This Magazine

Progressive politics, ideas & culture

September-October 2018

Meet the woman lighting up the way for cannabis justice

She’s been part of Canada’s cannabis community as long as we’ve had one. Now, Hilary Black is an integral member of one of Canada's biggest cannabis companies

Kieran Delamont

Photo courtesy of Canopy Growth Corporation

Hilary Black is tired. “Really fucking tired,” actually, she says. She’s been doing this—fighting prohibition, advocating for the rights of medical cannabis patients—for 21 years. And now she’s at the outset of an entirely new chapter: She is in charge of the social responsibility and patient advocacy arm of Canopy Growth Corporation, one of the country’s most prominent cannabis companies, as it’s on the brink of a legalization explosion.

So yeah, she’s exhausted. “It feels like I’ve done 40 years in 20 years’ time,” she jokes. Black is 41, and has spent virtually all of her working life fighting for the rights of medical cannabis users, from her early days with the BC Compassion Club Society (which she opened in 1997) through her 2015 hiring at Bedrocan and subsequent rising through the corporate ranks to her current role as the director of patient education and advocacy with Canopy.

But now, as she helps lead the charge into the legalization era, she’s facing a new challenge: What do you do when you get the thing you’ve wanted your entire life? You stay a little bit angry, that’s what. You recognize that for every step forward the world makes with cannabis, there will always be someone who still needs an advocate—like the patient who can’t afford her medical cannabis (Black recently testified at Parliament against the $1-per-gram excise tax on medical cannabis); or the victims of the opioid crisis, for whom medical cannabis holds promise (one of Black’s recent projects was the creation of a research position at the University of British Columbia on cannabis and battling addiction).

Like many other activists now working in the corporate world, she sometimes gets accused of being a sellout, of turning her back on her activism. She gets it, but she doesn’t buy it: She’s trying to make the position work to her advantage. “I’m very empowered working with Canopy, because it’s such a financial engine,” she says. “I have a lot of influence inside the country.”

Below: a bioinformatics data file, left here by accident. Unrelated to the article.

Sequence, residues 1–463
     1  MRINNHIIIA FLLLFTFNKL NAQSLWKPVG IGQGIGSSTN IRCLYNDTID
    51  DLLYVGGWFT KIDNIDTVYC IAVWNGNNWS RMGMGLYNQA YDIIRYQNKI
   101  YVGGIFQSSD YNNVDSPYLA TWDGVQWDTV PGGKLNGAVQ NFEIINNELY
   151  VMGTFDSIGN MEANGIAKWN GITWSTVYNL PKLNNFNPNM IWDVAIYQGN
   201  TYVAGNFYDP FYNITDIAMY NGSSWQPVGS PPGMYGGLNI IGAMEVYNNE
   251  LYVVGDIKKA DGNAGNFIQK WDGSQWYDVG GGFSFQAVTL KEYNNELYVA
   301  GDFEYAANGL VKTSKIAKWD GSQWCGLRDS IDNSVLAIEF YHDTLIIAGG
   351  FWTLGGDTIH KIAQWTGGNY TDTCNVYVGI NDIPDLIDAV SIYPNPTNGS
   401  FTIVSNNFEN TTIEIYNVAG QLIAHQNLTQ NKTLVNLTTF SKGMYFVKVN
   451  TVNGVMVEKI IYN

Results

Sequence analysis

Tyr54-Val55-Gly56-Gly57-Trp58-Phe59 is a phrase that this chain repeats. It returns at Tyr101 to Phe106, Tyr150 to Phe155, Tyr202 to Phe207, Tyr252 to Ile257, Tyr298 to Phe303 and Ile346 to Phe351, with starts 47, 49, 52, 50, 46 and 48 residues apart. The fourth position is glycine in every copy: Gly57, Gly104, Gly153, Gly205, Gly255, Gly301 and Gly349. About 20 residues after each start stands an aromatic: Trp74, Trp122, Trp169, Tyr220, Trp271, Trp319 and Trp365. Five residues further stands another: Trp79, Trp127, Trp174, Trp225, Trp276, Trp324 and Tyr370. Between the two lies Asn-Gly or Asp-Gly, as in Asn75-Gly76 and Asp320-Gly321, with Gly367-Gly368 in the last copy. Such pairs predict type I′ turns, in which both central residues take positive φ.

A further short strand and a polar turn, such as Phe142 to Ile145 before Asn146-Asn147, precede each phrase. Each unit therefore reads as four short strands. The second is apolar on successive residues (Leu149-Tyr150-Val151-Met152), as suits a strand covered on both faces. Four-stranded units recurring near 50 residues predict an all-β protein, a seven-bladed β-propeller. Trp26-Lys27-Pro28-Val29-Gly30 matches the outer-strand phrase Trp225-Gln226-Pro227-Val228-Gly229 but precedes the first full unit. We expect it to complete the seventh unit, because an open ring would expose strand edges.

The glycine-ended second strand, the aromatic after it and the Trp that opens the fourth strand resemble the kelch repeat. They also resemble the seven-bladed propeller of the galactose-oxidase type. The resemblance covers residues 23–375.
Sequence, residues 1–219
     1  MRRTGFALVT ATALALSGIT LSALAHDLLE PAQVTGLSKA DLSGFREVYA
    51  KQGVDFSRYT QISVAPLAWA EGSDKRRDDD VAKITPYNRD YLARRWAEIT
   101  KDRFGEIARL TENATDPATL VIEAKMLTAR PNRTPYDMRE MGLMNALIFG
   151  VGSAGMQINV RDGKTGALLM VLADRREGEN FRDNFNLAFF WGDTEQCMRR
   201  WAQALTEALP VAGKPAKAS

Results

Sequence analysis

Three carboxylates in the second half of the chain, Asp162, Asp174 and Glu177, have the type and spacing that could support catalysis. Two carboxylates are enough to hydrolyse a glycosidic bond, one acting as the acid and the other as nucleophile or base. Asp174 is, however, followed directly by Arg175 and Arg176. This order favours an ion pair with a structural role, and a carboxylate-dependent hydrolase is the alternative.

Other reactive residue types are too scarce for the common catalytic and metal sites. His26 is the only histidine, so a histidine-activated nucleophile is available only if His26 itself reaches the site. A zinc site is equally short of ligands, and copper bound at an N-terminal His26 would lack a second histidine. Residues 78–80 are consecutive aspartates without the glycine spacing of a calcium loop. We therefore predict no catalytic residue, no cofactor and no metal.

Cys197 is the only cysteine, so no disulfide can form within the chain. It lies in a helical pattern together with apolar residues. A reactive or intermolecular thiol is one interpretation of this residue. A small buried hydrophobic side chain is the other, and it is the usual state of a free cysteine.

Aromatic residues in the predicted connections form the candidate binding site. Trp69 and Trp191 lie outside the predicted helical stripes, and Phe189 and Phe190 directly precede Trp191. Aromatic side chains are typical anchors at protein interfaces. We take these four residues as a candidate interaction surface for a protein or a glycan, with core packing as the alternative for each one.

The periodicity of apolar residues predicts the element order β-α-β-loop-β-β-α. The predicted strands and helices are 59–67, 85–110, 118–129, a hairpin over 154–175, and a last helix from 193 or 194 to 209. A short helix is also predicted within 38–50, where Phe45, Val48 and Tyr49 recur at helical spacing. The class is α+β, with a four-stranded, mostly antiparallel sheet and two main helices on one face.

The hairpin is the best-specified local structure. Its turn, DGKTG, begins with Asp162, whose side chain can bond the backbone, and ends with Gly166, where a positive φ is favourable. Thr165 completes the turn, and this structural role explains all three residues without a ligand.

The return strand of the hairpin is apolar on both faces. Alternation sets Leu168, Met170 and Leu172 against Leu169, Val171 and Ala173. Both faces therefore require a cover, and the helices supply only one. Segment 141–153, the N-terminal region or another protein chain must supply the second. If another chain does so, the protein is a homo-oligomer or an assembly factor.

Her influence comes from a unique perch within Canopy: As a woman, driven by an activist’s sensibility, she is in one sense at odds with much of the rest of the male, high-finance cannabis world. That role affords her a voice—she has a deep activist pedigree that carries weight throughout the cannabis industry, legal or otherwise—and allows her to act as a role model in a way that few people in the industry can. “I want every single cannabis company in the world, whether you’re a massive company like ours, or you make lip balm, I want everyone to have a corporate responsibility initiative,” she says.

She still doesn’t shy away from compassionate rebellion against the law, even if on a different scale. Black’s dog, Ringo, is sick, and nearing the end of his life—bone cancer. Vets said he had two months. She says, heavy doses of CBD have given him seven. Strictly speaking, this isn’t legal; her dog gets CBD through a small act of compassionate civil disobedience. “He has access to it because he has me,” she says. “I want all the suffering dogs to have access to it.”

Once an activist…

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